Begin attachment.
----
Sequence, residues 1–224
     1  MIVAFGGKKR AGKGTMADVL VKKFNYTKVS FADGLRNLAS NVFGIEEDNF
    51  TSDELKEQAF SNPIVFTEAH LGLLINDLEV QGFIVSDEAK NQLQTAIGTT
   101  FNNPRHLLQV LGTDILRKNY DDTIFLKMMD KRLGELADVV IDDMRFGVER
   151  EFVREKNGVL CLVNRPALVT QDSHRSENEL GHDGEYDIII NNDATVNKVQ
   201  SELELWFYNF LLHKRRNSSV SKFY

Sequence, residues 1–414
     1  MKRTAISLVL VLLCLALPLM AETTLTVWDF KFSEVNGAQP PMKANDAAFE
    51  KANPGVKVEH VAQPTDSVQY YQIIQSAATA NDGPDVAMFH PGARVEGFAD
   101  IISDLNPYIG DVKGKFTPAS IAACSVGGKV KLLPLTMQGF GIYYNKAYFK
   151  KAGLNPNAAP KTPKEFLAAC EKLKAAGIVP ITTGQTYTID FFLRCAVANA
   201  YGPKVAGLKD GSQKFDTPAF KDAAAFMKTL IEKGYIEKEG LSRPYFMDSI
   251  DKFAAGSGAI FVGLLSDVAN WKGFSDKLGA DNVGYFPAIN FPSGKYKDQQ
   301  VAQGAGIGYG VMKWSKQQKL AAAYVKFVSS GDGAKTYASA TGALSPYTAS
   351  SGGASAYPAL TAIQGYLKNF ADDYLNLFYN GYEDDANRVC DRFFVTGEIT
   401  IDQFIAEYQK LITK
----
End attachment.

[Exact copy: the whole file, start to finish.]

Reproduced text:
Sequence, residues 1–224
     1  MIVAFGGKKR AGKGTMADVL VKKFNYTKVS FADGLRNLAS NVFGIEEDNF
    51  TSDELKEQAF SNPIVFTEAH LGLLINDLEV QGFIVSDEAK NQLQTAIGTT
   101  FNNPRHLLQV LGTDILRKNY DDTIFLKMMD KRLGELADVV IDDMRFGVER
   151  EFVREKNGVL CLVNRPALVT QDSHRSENEL GHDGEYDIII NNDATVNKVQ
   201  SELELWFYNF LLHKRRNSSV SKFY

Sequence, residues 1–414
     1  MKRTAISLVL VLLCLALPLM AETTLTVWDF KFSEVNGAQP PMKANDAAFE
    51  KANPGVKVEH VAQPTDSVQY YQIIQSAATA NDGPDVAMFH PGARVEGFAD
   101  IISDLNPYIG DVKGKFTPAS IAACSVGGKV KLLPLTMQGF GIYYNKAYFK
   151  KAGLNPNAAP KTPKEFLAAC EKLKAAGIVP ITTGQTYTID FFLRCAVANA
   201  YGPKVAGLKD GSQKFDTPAF KDAAAFMKTL IEKGYIEKEG LSRPYFMDSI
   251  DKFAAGSGAI FVGLLSDVAN WKGFSDKLGA DNVGYFPAIN FPSGKYKDQQ
   301  VAQGAGIGYG VMKWSKQQKL AAAYVKFVSS GDGAKTYASA TGALSPYTAS
   351  SGGASAYPAL TAIQGYLKNF ADDYLNLFYN GYEDDANRVC DRFFVTGEIT
   401  IDQFIAEYQK LITK